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Contrast Media Worksheet

What is the purpose of contrast agents used in diagnostic imaging? Demonstrates absorption and density differences in organs and vessels
Positive contrast agents increase/decrease density differences. increase
What are two examples of positive contrast agents and an exam where they are utilized? barium sulfite (barium swallow)non iodinated (myelogram)
What are two types of negative contrast agents and an exam that uses negative agents? air, carbon dioxidedouble contrst barium enema
Why do we not give a patient barium sulfate if there is a suspected perforation or obstruction? It may leak into the peritoneal cavity causing infection (peritonitis) or if the patient has an obstruction it may cause more of an obstruction.
what type of water soluble contrast is used in cases of perforation of the bowel? Oral/rectal
What is the k edge for barium? iodine? 37; 33
By know what the k edge of the contrast is what information do we gain? we can determine what kVp to use barium - 37 - 105 kVp iodine - 33 - 90-95 kVp
Define water soluble substance that can easily dissolve in water
w/w (weight in weight) amount of solid substance dissolved in known amount of liquid
w/v (weight in volume) amount of solid substance dissolved in measured quantity of liquid
Non-ionic, LOCA low osmolar contrast agent; safer; contains less particles and will not bind within body causing less chances for adverse effects
Concentration of ions in a dissolved sutstance per unit of solvent. osmolarity
number of cases of adverse occurences morbidity
death rate mortality
Viscosity thickness/resistance to flow
What is the purpose of single contrast studies and double contrast studies? single - for filling to identify obstructiondouble - to coat the mucosal lining to look for polyps and ulcers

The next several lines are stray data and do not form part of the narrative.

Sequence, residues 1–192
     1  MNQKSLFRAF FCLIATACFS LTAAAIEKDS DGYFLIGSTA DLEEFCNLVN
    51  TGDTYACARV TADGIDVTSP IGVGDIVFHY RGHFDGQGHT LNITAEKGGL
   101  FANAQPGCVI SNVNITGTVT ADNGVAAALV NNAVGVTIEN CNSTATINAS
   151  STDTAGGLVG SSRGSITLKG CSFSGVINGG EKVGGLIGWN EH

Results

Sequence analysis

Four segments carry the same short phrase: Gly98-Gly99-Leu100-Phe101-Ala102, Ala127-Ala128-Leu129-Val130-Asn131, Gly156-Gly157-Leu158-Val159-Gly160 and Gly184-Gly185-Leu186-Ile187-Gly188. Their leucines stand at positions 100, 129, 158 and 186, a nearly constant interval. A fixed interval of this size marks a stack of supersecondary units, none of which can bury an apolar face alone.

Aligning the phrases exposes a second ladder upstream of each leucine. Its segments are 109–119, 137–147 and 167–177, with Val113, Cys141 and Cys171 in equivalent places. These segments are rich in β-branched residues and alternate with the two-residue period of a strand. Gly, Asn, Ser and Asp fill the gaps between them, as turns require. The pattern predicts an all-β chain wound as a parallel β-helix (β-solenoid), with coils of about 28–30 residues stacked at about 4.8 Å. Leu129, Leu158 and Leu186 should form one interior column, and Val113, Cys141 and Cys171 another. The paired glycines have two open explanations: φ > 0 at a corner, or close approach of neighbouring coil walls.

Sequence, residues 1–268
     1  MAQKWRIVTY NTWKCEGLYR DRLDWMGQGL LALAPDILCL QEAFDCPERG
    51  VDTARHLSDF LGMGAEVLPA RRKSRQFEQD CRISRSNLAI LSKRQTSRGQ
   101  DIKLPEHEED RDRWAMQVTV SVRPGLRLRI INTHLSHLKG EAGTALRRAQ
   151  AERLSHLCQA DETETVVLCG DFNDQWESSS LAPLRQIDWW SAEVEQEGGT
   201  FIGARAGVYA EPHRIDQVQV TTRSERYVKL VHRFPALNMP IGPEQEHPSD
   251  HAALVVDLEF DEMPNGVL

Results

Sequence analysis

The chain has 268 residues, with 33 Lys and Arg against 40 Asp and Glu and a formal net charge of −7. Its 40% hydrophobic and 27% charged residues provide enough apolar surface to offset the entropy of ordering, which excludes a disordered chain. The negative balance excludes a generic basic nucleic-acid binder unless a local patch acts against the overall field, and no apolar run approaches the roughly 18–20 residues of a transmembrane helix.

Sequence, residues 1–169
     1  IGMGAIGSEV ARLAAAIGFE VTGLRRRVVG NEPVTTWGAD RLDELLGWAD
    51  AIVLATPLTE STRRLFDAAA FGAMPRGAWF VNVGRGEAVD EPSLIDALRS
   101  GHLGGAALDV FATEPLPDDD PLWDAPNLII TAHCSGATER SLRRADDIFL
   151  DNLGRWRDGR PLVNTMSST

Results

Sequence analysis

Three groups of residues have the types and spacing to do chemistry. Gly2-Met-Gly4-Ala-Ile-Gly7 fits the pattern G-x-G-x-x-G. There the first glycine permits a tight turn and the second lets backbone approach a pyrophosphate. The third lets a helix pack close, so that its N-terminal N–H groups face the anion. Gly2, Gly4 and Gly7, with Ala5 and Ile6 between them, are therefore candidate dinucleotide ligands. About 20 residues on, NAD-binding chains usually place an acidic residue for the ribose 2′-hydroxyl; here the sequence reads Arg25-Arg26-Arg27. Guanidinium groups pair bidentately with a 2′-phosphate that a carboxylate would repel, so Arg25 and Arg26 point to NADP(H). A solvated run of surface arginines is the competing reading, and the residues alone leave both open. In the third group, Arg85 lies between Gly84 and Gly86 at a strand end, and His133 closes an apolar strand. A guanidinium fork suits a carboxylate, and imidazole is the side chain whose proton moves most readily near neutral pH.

What are two medications given for pre medication for allergy to water soluble iodinated contrast? prednisone and benadryl
What is the advantage of non-ioni, LOCA water soluble contrast media? fewer iodine particles and no free electrons. It will not bind within body, decreases adverse occurence; less toxic and low morbidity
Which contrast would have less toxicity?ionic, low osmolarity, non-ionic low osmolarity or nonionic high osmolarity non-ionic low osmolarity
What is the maximum level for creatine and BUN before it is contraindicated? Creatine .6-1.5 (greater than 2.0)BUN 8-25 mg (greater than 45)
Name some risk factors for contrast media injection. renal failure (due to creatine and BUN), allergic reaction, iodine sensitivity
cardiovascular changes manifested in response to a contrast medium injection and results in lightheadedness, anxiety, diaphoresis, hypotension and bradycartioa. Vasovagal
If a patient was having a vasovagal reaction what can be done? give atropine to help
What are four mild adverse occurences? metallic taste, cough, vomitting, flushed, urdicaria
what are four severe adverse occurences? laryngeal edema, cardiac arrest, respiratory arrest, anaphylactic shock
Name equipment that should be present in case of a reaction to contrast. O2, suction, crash cart
which drug inhibits vasovagal reactions? atropine
This drug removes excess fluid from body. lasix
Mimics sympathetic system and used in severe contrast reactions. epinephrine
Muscular relaxant and sedative. valium
Phenergan reduces nausea
Benadryl allergic reaction to contrast
If a water soluble contrast was unsafe for myelography what would it have to state? not for intrathecal injection
What are some pharmaceutical routes of administration of medications? oral, sublingual, rectal, inhalation, parenteral
what are 7 parenteral routes of administration? intradermal, subcutaneous, intramuscular, intra-arterial, intravenous, intrathecal, subarachnoid
Give an example of a positive contrast agent. barium sulfate
Give an example of a negative contrast agent. air
Extravasation leaking into tissues
Created by: sr4095
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